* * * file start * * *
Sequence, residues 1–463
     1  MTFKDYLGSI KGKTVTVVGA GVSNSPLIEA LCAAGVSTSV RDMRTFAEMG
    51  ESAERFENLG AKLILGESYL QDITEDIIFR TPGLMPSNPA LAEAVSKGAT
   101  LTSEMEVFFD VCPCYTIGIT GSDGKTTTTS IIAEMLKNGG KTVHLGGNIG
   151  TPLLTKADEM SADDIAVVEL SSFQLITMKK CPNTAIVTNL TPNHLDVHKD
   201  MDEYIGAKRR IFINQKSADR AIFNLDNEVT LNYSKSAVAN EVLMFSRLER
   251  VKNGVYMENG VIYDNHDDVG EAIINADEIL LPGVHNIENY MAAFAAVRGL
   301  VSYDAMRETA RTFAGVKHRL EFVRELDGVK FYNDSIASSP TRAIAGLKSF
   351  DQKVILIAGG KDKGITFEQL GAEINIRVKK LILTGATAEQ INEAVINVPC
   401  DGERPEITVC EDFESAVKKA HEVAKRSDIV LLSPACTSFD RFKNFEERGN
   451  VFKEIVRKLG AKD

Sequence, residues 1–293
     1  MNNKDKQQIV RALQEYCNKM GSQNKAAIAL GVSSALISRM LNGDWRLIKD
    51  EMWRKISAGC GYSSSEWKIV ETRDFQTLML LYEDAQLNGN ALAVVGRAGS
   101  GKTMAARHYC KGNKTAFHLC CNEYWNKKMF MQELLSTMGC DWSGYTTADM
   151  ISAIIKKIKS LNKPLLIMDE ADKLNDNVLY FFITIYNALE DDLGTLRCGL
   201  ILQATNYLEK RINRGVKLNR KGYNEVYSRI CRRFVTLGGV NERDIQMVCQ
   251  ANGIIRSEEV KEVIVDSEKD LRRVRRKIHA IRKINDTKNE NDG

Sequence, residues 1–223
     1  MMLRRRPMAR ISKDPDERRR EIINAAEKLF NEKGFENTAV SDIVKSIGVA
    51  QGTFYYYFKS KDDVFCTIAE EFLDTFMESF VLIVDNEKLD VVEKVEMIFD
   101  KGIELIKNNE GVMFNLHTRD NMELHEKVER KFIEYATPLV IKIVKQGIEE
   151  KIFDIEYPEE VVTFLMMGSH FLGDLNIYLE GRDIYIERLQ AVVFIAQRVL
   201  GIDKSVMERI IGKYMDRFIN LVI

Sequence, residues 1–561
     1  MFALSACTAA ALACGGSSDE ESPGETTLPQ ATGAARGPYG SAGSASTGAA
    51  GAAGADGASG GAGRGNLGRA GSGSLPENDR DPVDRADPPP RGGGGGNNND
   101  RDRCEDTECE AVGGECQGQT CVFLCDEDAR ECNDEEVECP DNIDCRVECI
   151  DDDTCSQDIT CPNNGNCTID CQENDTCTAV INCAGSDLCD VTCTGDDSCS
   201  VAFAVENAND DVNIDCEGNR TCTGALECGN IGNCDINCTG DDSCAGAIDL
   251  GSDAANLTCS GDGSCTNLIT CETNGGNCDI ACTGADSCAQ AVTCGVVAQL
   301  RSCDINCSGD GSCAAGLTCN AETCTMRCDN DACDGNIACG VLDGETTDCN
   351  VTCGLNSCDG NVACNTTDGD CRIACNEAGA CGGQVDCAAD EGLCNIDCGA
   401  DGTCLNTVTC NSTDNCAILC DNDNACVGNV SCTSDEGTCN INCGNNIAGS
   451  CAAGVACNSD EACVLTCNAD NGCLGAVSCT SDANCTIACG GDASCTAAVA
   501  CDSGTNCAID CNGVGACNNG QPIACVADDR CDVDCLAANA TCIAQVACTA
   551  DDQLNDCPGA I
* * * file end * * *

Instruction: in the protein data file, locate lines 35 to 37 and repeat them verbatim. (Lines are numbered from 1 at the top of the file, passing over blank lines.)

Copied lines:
   451  CAAGVACNSD EACVLTCNAD NGCLGAVSCT SDANCTIACG GDASCTAAVA
   501  CDSGTNCAID CNGVGACNNG QPIACVADDR CDVDCLAANA TCIAQVACTA
   551  DDQLNDCPGA I